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New report shows judicial fundraising skyrocketing after end of public financing

A new report out by the group Justice at Stake, in conjunction with  the Brennan Center for Justice and the National Institute on Money in State Politics, ranks North Carolina second in the nation for spending on judicial elections in 2014, with more than $6 million doled out during that cycle.

The $4 million raised by the nine candidates for the four open seats on the state Supreme Court during those elections also broke state candidate fundraising records.

Among the other findings in Bankrolling the Bench: The New Politics of Judicial Elections 2013-14 were these:

• Because the legislature eliminated public financing, candidates looked to lawyers and lobbyists for support. Donations from these categories made up more than 40 percent of total contributions to candidates and made North Carolina second in judicial candidate fundraising across the nation.
• The Washington, D.C.-based Republican State Leadership Committee (RSLC) was the biggest single source of election funds in the state. It gave $1.3 million to a local group called Justice for All NC, which spent $1.4 million on the North Carolina Supreme Court races and was the fifth highest spender nationally in 2013-14.
• Several groups with business interests sponsored TV ads in the election, including the North Carolina Chamber IE — a political arm of the state Chamber of Commerce — and the North Carolina Judicial Coalition.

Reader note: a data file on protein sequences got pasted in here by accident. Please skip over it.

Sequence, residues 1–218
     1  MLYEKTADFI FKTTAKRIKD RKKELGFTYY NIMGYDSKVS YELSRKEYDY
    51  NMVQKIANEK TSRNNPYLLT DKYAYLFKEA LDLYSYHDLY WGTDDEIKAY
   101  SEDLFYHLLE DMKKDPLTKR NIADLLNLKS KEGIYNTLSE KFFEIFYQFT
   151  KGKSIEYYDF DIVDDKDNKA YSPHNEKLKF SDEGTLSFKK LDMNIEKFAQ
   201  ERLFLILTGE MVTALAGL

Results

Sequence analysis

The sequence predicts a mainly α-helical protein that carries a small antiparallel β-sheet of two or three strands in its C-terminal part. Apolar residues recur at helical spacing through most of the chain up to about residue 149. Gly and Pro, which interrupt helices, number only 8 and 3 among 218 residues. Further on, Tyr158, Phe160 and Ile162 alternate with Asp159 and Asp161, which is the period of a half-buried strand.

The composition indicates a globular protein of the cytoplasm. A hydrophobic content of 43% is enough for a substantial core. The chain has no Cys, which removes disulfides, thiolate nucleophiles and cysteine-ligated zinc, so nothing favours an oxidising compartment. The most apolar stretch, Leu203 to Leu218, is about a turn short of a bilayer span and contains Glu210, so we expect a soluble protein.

• The 2014 race marked the second consecutive North Carolina Supreme Court election cycle to generate seven-figure spending. In 2012, $4.5 million was spent on a single seat, although both candidates had opted into the then-operative public financing system.
• North Carolina ranked second nationally for TV spending at $3.1 million and first for the total number of ad airings at 10,903. Justice for All NC ran one of the most negative ads of the 2013-14 election cycle against incumbent Justice Hudson, claiming she ruled in favor of child predators. The North Carolina Bar Association condemned the spot.

“In 2014, the absence of North Carolina’s landmark judicial public financing program opened the door for a dramatic rise in special-interest spending in court races, which was exacerbated by a flood of spending by outside groups,” said Melissa Price Kromm, executive director of the North Carolina Voters for Clean Elections Coalition, which partnered with the Institute for Southern Studies to track the growth of spending in North Carolina’s 2014 judicial elections. “These findings underscore the need for common-sense reforms, including greater transparency and restoring North Carolina’s effective judicial public financing program.”

Read the full report here.

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